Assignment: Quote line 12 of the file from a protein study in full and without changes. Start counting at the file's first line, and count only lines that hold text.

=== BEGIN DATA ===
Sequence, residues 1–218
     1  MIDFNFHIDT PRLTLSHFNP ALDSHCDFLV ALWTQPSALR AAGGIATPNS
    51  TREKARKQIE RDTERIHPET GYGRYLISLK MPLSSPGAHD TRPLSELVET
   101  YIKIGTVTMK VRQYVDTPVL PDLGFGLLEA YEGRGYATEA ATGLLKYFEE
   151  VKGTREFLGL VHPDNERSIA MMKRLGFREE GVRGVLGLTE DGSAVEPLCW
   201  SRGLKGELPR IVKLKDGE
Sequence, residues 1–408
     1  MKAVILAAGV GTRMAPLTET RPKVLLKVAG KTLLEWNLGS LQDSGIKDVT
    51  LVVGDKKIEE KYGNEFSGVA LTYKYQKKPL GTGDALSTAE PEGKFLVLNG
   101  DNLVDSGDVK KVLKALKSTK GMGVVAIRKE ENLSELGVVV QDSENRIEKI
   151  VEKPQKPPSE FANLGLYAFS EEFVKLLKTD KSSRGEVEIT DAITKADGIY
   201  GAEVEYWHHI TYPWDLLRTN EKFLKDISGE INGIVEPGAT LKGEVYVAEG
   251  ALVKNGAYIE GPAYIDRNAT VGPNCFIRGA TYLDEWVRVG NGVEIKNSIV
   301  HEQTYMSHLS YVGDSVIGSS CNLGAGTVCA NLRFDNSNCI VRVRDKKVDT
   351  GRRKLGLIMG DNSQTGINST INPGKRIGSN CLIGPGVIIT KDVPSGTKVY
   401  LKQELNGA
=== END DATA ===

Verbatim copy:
   201  GAEVEYWHHI TYPWDLLRTN EKFLKDISGE INGIVEPGAT LKGEVYVAEG